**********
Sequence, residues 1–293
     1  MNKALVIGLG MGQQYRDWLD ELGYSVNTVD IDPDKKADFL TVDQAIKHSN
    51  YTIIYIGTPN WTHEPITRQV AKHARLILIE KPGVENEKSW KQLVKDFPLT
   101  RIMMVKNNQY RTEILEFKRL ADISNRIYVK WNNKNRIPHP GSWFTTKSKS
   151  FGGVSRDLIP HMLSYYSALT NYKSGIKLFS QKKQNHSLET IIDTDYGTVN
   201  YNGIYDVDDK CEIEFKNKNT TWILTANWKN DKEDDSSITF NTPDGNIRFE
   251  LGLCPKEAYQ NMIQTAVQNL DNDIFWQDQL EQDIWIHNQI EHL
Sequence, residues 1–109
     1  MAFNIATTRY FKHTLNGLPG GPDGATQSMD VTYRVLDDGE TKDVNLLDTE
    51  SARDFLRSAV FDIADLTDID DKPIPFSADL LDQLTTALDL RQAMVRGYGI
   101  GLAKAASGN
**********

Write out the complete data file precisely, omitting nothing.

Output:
Sequence, residues 1–293
     1  MNKALVIGLG MGQQYRDWLD ELGYSVNTVD IDPDKKADFL TVDQAIKHSN
    51  YTIIYIGTPN WTHEPITRQV AKHARLILIE KPGVENEKSW KQLVKDFPLT
   101  RIMMVKNNQY RTEILEFKRL ADISNRIYVK WNNKNRIPHP GSWFTTKSKS
   151  FGGVSRDLIP HMLSYYSALT NYKSGIKLFS QKKQNHSLET IIDTDYGTVN
   201  YNGIYDVDDK CEIEFKNKNT TWILTANWKN DKEDDSSITF NTPDGNIRFE
   251  LGLCPKEAYQ NMIQTAVQNL DNDIFWQDQL EQDIWIHNQI EHL
Sequence, residues 1–109
     1  MAFNIATTRY FKHTLNGLPG GPDGATQSMD VTYRVLDDGE TKDVNLLDTE
    51  SARDFLRSAV FDIADLTDID DKPIPFSADL LDQLTTALDL RQAMVRGYGI
   101  GLAKAASGN